The Cubs came to Florida with 10 victories in their last 12 games and a chance to close out the division race against the last-place Marlins so they could rest some of their regulars for the playoffs.
But after getting swept out of Miami with Thursday's 6-4 loss to Florida, the Cubs ensured some unwanted drama in their final series of the season in Cincinnati.
With Milwaukee losing to San Diego 9-5 on Thursday night, the Cubs retained their two-game lead in the National League Central with three games left. Their magic number dropped to 2.
What do the Cubs have to say to the folks back home in Chicago who are tiptoeing across window ledges with visions of 1969 dancing in their heads?
"It happens," losing pitcher Steve Trachsel said. "It's not like we didn't try. They're going to say what they're going to say, no matter what. We can't worry about that. We have three more games to worry about."
In what probably was his final appearance as a Cub, Trachsel allowed five runs in 4 1/3 innings to put his teammates in a 5-1 hole they couldn't escape. A belated comeback fell short, and Ryan Dempster gave up a two-out insurance run in the eighth, the sixth time in his last eight outings the Cubs' closer has been scored on.
Is it possible the Cubs don't have the killer instinct that separates great teams from ordinary ones?
"I don't think it's that," manager Lou Piniella said. "I think it's that we go through periods when we just don't get the job done. Why do you see us as only [seven] games above .500? We're not a team that does it all the time.
"If we did it all the time, we would be at 92 or 93 wins. So you're going to have some times when you do it and some times when you don't. I'm just being perfectly honest. We got three games here where we just didn't hit with men on base."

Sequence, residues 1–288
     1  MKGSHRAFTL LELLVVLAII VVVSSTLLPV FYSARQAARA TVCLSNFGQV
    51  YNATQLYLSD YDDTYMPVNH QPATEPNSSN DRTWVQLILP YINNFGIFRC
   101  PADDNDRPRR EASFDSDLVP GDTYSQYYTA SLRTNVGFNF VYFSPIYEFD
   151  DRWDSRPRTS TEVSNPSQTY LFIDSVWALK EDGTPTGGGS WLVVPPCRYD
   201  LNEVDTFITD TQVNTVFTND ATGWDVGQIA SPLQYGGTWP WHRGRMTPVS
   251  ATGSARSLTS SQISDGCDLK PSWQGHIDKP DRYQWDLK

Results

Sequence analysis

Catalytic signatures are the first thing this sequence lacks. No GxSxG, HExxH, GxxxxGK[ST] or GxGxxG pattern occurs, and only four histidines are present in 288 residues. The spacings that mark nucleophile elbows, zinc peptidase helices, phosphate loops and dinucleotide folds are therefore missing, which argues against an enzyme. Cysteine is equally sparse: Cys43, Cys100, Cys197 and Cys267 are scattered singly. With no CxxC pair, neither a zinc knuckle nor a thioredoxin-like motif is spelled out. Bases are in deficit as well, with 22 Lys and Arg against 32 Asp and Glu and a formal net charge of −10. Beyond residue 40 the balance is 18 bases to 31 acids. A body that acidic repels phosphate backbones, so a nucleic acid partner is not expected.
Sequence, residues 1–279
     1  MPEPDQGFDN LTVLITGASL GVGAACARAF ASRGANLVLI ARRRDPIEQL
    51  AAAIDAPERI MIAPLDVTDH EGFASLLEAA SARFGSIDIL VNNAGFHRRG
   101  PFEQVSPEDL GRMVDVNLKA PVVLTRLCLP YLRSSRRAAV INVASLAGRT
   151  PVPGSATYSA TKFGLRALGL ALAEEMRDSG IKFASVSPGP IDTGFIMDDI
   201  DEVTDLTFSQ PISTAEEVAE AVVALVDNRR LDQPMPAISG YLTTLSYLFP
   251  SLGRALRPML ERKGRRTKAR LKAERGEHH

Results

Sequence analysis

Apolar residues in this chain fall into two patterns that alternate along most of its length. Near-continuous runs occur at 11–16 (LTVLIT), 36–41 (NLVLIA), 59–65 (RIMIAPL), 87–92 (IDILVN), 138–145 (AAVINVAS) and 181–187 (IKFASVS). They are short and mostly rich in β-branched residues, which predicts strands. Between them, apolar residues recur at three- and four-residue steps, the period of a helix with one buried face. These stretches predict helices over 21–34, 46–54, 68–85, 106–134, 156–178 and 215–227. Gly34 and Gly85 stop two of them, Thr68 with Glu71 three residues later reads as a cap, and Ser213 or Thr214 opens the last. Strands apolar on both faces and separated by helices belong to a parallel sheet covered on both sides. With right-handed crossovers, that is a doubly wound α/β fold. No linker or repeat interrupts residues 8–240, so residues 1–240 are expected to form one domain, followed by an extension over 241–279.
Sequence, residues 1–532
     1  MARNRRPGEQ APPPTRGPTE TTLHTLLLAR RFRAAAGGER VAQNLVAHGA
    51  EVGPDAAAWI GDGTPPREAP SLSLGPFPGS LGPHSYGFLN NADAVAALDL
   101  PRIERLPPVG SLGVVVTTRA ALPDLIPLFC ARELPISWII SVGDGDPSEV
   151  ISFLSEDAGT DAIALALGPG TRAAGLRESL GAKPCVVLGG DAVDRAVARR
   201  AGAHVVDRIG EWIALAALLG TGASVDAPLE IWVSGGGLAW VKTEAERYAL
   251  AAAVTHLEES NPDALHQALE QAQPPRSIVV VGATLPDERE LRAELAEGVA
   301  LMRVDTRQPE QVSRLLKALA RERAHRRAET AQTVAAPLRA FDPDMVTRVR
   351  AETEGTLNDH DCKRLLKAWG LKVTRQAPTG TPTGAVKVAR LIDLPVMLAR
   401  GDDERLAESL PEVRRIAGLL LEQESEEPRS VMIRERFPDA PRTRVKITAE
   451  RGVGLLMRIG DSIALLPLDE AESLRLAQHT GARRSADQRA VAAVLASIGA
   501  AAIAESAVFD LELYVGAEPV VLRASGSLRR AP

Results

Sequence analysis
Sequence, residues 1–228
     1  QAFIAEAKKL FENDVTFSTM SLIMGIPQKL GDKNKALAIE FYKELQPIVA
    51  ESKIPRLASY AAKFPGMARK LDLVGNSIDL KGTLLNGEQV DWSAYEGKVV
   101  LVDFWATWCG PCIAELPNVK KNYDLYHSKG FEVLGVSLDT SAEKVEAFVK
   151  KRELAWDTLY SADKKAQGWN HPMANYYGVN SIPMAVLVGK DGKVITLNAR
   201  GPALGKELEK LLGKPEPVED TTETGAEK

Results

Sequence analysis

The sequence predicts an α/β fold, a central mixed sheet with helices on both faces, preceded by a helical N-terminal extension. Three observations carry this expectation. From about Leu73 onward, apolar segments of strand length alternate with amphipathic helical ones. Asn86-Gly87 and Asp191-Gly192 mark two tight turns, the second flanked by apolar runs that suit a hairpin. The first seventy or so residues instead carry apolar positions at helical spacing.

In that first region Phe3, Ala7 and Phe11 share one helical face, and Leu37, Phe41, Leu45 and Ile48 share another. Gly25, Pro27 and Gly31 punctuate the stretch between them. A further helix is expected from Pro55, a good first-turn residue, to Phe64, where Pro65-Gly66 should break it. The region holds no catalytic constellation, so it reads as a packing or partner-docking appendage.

The Cubs went 3-for-12 with men in scoring position Thursday after going 1-for-8 Wednesday. That's not a sign of a playoff-ready team.
"Look, it's a team that's good enough to win the division," Piniella said. "And we're in position to do just that. We go to Cincinnati, we win three in a row, and all this talk here is [moot]."
After Aramis Ramirez's RBI single in the first put the Cubs on the board, Trachsel gave it right back in the bottom of the inning. An RBI double by .212-hitting Alejandro De Aza gave Florida the lead in the second, and Hanley Ramirez's sacrifice fly two batters later made it 3-1.
Trachsel was removed in the fifth after serving up a one-out homer to Ramirez and walking Dan Uggla, who eventually scored on Miguel Cabrera's double that nicked the foul line in right.
"Had a foul ball that went for a double and cost us a run," Trachsel said. "Other than that, they did a good job manufacturing [runs]."
Cabrera's throwing error in the sixth opened the door to a three-run inning, and the Cubs pulled within a run on Alfonso Soriano's RBI double. But Jacque Jones struck out with the bases loaded in the seventh, and Ryan Theriot grounded into an inning-ending double play on the first pitch he saw in the eighth.
Chicago native Cliff Floyd was 12 when he watched the Cubs fall apart in the 1984 National League Championship Series, and he knows what Cubs fans are going through right now. Floyd had some straightforward advice for them.
"Keep praying, keep watching," he said. "You never know what you're going to get. Hopefully we'll do it for them. They've been with us this far, so they might as well ride it out. Everybody knew it was going to go toward the end. Here we are."